The white light of scrutiny


This is Sunshine Week.

It's a week dedicated to talking about open government and freedom of information. Started in the Sunshine State of Florida in 2002 when that state's legislators tried to pass a bunch of exemptions to what had been probably the strongest public records law in the country, the effort has been picked up by the American Society of Newspaper Editors and made into a national event. Participants include newspapers, online media, civic groups, libraries, schools and people interested in the public's right to know.

Around here, every week is Sunshine Week.

Whether it is shady airport land deals, sealed court cases, contract attorneys billing the county for more than 24 hours of work on a single day, hepatitis outbreaks due to outpatient clinics, falsified documentation of work at Yucca Mountain, ballooning salaries of government workers and on and on -- the Review-Journal has been there in the thick of it, shining the white light of public scrutiny in dark shadows of corruption and greed.

This past week brought a new chapter in this never-ending saga when Clark County released a scathing audit of the agencies that enforce building and fire codes. The County Commission voted to conduct the audit after Review-Journal special projects reporter Joan Whitely revealed this past fall that inspectors had blithely dismissed out of hand allegations that major renovations at the Rio hotel had created potential fire and structural safety problems.

The 96-page Kessler Report -- written by Michael Kessler, a New York-based consultant -- revealed a department rife with a cavalier attitude about the job it was supposed to be doing. The report found a lack of internal controls, discarded records, falsified reports, favoritism and a general lack of concern or a sense of urgency on the part of building inspectors, who repeatedly told Kessler they were "not investigators."

When the report was released Wednesday, county management asked for an editorial board meeting to answer questions about the findings and to allay our suspicions that the county was reworking Kessler's original draft to soften the findings. They even gave us the original draft to show that rewriting was largely organizational and to fix minor misinformation.

At the table with our reporters and editors were County Manager Virginia Valentine; Jerry Carroll, the head of the county auditing division; Ron Lynn, the man in charge of building code enforcement; and several other staffers.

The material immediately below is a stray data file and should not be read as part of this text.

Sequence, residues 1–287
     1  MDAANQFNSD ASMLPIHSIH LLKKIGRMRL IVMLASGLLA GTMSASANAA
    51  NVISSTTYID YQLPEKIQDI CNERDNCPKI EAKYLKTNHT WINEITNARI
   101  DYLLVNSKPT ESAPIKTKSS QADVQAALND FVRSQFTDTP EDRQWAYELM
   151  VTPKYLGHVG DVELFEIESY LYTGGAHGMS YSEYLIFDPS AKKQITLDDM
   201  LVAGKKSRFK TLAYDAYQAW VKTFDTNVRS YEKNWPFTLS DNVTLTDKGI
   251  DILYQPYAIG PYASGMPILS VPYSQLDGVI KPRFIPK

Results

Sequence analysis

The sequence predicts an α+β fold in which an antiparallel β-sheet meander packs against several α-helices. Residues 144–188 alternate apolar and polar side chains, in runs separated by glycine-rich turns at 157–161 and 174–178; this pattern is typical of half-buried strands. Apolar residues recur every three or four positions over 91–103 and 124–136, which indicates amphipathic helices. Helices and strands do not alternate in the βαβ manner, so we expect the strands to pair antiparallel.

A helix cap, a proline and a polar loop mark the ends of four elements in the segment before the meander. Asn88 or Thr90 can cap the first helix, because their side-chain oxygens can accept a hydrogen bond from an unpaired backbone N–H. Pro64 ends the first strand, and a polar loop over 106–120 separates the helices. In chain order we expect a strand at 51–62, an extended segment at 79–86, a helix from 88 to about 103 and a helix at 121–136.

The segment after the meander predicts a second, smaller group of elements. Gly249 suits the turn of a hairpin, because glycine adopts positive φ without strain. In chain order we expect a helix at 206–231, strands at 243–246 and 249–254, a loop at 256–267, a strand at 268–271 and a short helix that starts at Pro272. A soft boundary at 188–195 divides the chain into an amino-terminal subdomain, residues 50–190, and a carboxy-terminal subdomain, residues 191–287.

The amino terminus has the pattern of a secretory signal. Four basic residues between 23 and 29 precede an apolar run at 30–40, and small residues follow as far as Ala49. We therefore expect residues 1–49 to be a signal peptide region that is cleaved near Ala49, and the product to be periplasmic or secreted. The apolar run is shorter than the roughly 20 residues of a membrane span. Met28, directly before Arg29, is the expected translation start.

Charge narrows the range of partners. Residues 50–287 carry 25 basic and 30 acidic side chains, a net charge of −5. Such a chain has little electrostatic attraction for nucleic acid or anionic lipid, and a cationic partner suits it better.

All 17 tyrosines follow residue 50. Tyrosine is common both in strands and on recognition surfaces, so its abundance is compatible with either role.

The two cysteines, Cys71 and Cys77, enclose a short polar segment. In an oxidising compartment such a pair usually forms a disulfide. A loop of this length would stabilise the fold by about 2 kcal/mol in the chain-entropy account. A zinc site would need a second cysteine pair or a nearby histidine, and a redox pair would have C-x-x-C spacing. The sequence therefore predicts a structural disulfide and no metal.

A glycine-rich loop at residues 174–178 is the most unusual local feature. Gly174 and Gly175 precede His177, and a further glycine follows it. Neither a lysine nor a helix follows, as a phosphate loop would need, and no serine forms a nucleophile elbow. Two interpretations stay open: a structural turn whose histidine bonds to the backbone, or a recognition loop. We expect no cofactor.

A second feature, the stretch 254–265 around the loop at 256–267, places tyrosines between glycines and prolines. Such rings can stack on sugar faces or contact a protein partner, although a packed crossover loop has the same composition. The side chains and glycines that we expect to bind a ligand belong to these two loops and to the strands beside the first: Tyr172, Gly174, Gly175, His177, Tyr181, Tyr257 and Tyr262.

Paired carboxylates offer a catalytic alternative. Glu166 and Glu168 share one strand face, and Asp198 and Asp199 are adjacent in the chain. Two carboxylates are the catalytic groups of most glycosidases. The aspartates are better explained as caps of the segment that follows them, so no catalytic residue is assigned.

I looked down the table at Lynn and summed up the Kessler Report in three words: "No adult supervision."

I looked at Valentine and asked if she did not carry some measure of blame since she had personally met with the man who had brought the building code violations to the newspaper's attention. She said she was in the process of looking into the allegations and had met with someone from Harrah's, which owns the Rio, when our stories began appearing.

The meeting continued in that cordial vein with Lynn outlining a $4 million plan to prevent such malfeasance and nonfeasance from happening again by hiring a bunch of people to look over the shoulders of the inspectors.

The report we were handed listed no names. It merely referred to people as Building Inspector 9 or Contractor 1 or FD Inspector 13. I immediately said that was not adequate. These were people paid by the taxpayers to do a job to ensure safe buildings. We wanted the key that matched the jobs and the names. They brushed it off as a personnel matter.

After the meeting we pressed the issue. After the county conferred with the district attorney's office, we were given the key.

Buried in the report was a passing reference to an inspector who had been indicted in 1999 on 13 counts of falsifying inspection records for work performed at the Sands, Harrah's, Tropicana and Bally's.

When you look up the news stories from the case, we find all charges were dismissed after the man argued he was doing nothing more than following department policy and procedures. He claimed he was fired because he refused orders from his bosses to solicit contributions from those he inspected for a building officials organization's annual golf tournament. One of those bosses was Ron Lynn, who was later promoted to head the department by Valentine, a promotion the prior county manager refused to make.

As we sat in that meeting Wednesday, I could not help but recall what happened in 2004 when a single rogue New York Times reporter by the name of Jayson Blair was caught plagiarizing and fabricating news stories. Within weeks of his resignation, both the executive and the managing editors resigned.

The bottom line is, though, all the Sunshine in the world does no good if the voters and taxpayers do not take up cudgels against the illuminated vermin, cry out for accountability, demand indictments, insist that heads roll and vote the bums out.

 

Thomas Mitchell is the editor of the Review-Journal and writes about the role of the press and access to public information. He may be contacted at 383-0261 or via e-mail at tmitchell@ reviewjournal.com.

 

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